A growl is a valuable means of communication for a dog - something to be appreciated and respected. Never punish your dog for growling. You need to know when he's uncomfortable so he's not pushed past his ability to cope. Punishment can suppress the growl, eliminating the warning that he's about to snap or worse. Also, punishing a growling, upset dog can escalate him into full-on aggression.
If your dog growls:
Stop whatever you are doing. Wait until he relaxes, then move away so you're rewarding the relaxed behavior rather than the growl.
- Analyze the situation. What made him growl? Were you near his food or toys? Touching, grooming, restraining, making direct eye contact, taking something away or making him do something may also have triggered the growl.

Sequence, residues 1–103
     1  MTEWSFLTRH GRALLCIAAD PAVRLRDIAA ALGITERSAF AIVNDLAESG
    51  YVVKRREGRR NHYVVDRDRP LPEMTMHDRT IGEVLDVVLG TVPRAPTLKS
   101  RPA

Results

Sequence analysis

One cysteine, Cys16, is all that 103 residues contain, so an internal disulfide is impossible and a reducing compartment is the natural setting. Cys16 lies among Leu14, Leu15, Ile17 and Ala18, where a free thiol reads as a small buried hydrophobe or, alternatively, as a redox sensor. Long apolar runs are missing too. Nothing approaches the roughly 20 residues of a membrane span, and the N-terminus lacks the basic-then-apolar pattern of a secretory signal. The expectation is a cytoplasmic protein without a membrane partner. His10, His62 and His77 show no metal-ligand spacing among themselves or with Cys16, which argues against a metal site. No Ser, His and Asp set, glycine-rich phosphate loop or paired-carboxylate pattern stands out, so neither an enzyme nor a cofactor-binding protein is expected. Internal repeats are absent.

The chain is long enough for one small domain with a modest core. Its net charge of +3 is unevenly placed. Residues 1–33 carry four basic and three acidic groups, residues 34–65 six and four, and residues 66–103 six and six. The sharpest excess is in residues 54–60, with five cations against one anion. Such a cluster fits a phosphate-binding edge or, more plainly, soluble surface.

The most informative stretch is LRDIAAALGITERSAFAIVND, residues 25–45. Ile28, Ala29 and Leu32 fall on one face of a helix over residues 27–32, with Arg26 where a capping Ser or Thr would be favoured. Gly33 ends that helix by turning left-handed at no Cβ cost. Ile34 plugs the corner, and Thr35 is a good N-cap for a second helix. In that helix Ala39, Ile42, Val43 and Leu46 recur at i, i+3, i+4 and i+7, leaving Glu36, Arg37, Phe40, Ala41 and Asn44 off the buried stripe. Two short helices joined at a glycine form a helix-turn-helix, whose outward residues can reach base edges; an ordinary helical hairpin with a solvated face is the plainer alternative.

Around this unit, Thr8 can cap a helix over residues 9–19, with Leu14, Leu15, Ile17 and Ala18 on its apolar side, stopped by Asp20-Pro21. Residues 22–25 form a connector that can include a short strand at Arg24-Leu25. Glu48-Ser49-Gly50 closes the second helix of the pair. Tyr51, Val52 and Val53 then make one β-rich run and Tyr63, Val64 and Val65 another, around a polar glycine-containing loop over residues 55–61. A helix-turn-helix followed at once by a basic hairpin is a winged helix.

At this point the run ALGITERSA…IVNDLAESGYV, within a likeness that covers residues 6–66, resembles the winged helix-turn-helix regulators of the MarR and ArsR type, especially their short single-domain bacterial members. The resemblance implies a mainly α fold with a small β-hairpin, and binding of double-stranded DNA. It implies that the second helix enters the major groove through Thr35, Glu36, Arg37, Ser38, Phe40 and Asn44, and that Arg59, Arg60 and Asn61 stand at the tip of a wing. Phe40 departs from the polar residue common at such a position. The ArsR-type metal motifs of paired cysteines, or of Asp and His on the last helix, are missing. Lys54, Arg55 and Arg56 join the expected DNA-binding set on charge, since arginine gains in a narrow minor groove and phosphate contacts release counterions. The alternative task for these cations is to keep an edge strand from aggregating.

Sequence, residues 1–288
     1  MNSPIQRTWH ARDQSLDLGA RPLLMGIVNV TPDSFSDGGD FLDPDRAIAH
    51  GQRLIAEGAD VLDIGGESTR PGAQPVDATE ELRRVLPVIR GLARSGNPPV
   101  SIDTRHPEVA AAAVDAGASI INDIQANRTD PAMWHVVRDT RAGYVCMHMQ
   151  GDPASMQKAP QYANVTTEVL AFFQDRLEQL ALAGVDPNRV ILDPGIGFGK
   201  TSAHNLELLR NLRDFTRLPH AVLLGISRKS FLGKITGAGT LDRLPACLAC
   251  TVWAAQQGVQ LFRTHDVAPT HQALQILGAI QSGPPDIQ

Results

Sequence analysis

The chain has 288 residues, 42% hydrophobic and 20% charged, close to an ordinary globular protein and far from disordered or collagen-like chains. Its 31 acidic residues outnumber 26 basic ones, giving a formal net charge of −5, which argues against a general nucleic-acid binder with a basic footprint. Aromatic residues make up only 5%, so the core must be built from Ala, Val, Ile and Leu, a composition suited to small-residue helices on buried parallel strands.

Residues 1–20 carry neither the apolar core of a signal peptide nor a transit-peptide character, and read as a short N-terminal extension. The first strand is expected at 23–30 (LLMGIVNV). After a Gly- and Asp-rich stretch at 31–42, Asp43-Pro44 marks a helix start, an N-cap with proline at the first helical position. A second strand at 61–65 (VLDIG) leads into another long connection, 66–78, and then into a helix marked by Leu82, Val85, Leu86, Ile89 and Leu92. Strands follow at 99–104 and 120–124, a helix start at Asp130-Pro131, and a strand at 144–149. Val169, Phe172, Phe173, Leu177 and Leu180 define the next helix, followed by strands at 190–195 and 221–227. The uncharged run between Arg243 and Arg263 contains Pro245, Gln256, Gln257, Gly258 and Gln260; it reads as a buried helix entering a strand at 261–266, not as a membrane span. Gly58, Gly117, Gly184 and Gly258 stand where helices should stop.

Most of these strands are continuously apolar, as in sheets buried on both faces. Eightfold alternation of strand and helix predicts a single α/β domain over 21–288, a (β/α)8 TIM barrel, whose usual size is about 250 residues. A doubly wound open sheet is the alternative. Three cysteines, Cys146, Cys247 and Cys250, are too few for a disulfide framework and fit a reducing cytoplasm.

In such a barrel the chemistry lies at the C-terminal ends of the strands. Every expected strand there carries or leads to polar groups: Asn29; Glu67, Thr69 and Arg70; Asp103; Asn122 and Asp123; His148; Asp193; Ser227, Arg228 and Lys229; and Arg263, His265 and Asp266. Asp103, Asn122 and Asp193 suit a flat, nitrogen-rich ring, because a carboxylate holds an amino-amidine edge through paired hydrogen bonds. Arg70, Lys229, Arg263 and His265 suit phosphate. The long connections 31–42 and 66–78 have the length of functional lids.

- Figure out a different way to accomplish your goal. Lure with treats instead of pushing or pulling him. If you don't have to do whatever it was that elicited the growl, don't do it.
- Evaluate your dog's stressors and reduce or eliminate as many as possible. Stress causes aggression. Things like strangers, loud noises, thunderstorms, vacuum cleaners, harsh verbal or physical punishment and even your own stress can be upsetting to your dog.
Don't forget, play-growling is perfectly acceptable. As long as you're sure he's playing, there's no need to modify this behavior.